Can the Premier League dominate Europe again?
Background photo: Rept0n1x, CC BY-SA 3.0
The holiday season approaches. For players in the Bundesliga, Serie A, La Liga, Ligue 1 and every top division except the Premier League, a break to spend time away from football, relax and think of other things, such as wives and children, beckons. Premier Leaguers receive Christmas Eve and Day off but are back to work on Boxing Day. It's the most intense period of the campaign. Immediately thereafter, the FA Cup adds to their concerns. Finally, the top sides return to the Champions and Europa Leagues, where they must find the energy to deal with fully refreshed opponents.
Last year, English football dealt with the challenge comprehensively. Four Premier League clubs contested the Champions and Europa League finals. While Bundesliga, La Liga, Liga NOS and Premier League sides have all paired off against divisional rivals in the past, no league had filled all four slots in the same campaign. Can they repeat the feat?
English clubs continue their march on Europe this season. Manchester City, Liverpool, Chelsea and Tottenham all progressed to the knockout stage, City and the Reds as group winners. In the Europa League, Arsenal and Manchester United topped their groups. Wolves also progressed from theirs. Premier League outfits will be represented in greater numbers than any other division come the New Year. On that fact alone, one must conclude English football is poised to continue its continental dominance.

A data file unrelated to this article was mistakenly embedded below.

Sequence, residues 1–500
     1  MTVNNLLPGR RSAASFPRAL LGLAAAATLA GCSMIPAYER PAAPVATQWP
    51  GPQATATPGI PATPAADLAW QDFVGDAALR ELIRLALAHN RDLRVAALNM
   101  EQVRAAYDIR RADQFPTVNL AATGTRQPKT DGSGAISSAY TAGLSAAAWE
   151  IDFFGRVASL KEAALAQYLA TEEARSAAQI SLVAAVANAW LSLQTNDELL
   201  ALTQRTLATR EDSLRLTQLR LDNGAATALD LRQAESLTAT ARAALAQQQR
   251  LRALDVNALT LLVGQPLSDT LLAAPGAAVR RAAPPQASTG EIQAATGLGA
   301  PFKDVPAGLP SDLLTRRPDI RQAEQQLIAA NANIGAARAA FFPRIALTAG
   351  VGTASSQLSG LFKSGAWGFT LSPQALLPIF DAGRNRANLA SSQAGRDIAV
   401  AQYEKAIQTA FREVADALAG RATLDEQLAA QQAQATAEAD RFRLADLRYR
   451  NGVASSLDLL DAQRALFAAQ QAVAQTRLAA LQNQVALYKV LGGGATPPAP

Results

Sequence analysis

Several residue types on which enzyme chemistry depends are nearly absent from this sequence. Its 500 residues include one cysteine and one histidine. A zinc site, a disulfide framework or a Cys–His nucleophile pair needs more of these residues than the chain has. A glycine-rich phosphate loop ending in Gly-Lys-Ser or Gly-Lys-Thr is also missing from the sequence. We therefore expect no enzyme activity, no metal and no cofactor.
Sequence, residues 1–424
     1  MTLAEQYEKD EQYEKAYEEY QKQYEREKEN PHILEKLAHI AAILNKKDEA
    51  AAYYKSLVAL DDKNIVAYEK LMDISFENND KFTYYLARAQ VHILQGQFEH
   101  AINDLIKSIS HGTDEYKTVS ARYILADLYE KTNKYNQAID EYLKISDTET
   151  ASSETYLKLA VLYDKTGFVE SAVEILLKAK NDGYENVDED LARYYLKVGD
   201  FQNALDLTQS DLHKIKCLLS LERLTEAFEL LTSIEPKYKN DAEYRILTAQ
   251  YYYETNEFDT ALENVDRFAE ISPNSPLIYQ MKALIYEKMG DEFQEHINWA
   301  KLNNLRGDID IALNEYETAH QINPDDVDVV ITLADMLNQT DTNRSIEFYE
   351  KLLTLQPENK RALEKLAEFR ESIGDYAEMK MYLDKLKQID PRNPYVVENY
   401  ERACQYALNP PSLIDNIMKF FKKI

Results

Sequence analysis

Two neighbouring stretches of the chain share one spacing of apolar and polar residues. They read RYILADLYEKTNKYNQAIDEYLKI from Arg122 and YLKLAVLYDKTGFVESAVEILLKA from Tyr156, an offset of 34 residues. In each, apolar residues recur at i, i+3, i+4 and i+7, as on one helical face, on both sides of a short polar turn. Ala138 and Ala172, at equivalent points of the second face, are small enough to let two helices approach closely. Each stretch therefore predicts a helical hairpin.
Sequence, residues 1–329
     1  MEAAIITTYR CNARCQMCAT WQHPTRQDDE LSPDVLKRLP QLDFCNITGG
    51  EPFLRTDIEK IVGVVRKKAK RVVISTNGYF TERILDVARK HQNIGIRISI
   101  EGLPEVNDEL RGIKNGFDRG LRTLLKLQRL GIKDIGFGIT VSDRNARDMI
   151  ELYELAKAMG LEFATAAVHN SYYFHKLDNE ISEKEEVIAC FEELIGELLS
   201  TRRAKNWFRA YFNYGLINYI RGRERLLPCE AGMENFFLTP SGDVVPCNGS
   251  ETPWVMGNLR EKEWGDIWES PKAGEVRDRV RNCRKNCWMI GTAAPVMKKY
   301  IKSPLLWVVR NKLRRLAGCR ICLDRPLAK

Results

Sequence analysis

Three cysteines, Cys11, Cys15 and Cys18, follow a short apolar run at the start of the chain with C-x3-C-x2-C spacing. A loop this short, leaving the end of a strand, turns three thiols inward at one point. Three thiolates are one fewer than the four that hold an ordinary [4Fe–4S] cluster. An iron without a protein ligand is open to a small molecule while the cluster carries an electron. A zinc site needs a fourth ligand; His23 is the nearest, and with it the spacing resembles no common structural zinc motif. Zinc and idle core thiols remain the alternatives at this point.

Liverpool are in great form at the moment. The Reds are yet to taste defeat at the domestic level this season and they are also one of the top performers of the Champions League group phase. Without doubts, Jurgen Klopp's men remain the team to beat in the tournament. While they are focussed on breaking their Premier League duck at long last, there is no evidence the Merseysiders cannot do the double.
Manchester City must be reckoned with as well. Their domestic form suffers without Aymeric Laporte in defence but a 14-point deficit to Liverpool allows the Sky Blues to focus on the Champions League. In trotting out Phil Foden and Ilkay Gundogan in his starting XI against Arsenal yesterday, Pep Guardiola signalled he intends to do just that.
Chelsea's recent slide doesn't afford Frank Lampard the same luxury. The Blues' loss to Bournemouth on Saturday was their third in four league contests. On the other hand, their reprieve from a transfer ban thanks to the Court for Arbitration of Sport permits the board to make a depth signing or two in the January window to carry the Stamford Bridgers through the season.
Tottenham cannot be written off either. No one expected Spurs to reach the final last season. With Jose Mourinho now in charge, who is to say the Lilywhites can't win it?
Manchester United and Arsenal might be inconsistent in the Prem but are yet to be troubled in the Europa League. Wolves are nestled between the two in the domestic table. Like Lampard at Chelsea, Nuno Espirito Santo has earned a player or two in the January window. If the Wanderers board agree, the side from the Black Country can continue their good work abroad.
In the past, critics believed the lack of a winter break and Premier League's intensely competitive environment in which no side can take another for granted wore English teams down in the Champions and Europa League's later rounds. Now, it appears they are the strongest, fittest and most prepared.